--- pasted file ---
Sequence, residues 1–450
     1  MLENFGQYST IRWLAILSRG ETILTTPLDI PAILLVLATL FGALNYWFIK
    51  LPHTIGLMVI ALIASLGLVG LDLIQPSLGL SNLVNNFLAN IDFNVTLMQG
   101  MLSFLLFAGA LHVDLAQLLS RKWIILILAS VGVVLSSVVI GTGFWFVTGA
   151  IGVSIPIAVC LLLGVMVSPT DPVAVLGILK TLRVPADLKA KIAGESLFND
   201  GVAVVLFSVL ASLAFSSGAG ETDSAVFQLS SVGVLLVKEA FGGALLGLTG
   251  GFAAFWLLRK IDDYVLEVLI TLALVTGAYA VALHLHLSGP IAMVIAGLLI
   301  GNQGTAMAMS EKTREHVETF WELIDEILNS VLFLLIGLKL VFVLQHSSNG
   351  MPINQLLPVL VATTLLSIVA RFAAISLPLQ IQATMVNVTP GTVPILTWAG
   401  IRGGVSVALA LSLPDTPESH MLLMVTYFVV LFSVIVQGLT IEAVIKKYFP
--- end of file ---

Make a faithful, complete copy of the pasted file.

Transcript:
Sequence, residues 1–450
     1  MLENFGQYST IRWLAILSRG ETILTTPLDI PAILLVLATL FGALNYWFIK
    51  LPHTIGLMVI ALIASLGLVG LDLIQPSLGL SNLVNNFLAN IDFNVTLMQG
   101  MLSFLLFAGA LHVDLAQLLS RKWIILILAS VGVVLSSVVI GTGFWFVTGA
   151  IGVSIPIAVC LLLGVMVSPT DPVAVLGILK TLRVPADLKA KIAGESLFND
   201  GVAVVLFSVL ASLAFSSGAG ETDSAVFQLS SVGVLLVKEA FGGALLGLTG
   251  GFAAFWLLRK IDDYVLEVLI TLALVTGAYA VALHLHLSGP IAMVIAGLLI
   301  GNQGTAMAMS EKTREHVETF WELIDEILNS VLFLLIGLKL VFVLQHSSNG
   351  MPINQLLPVL VATTLLSIVA RFAAISLPLQ IQATMVNVTP GTVPILTWAG
   401  IRGGVSVALA LSLPDTPESH MLLMVTYFVV LFSVIVQGLT IEAVIKKYFP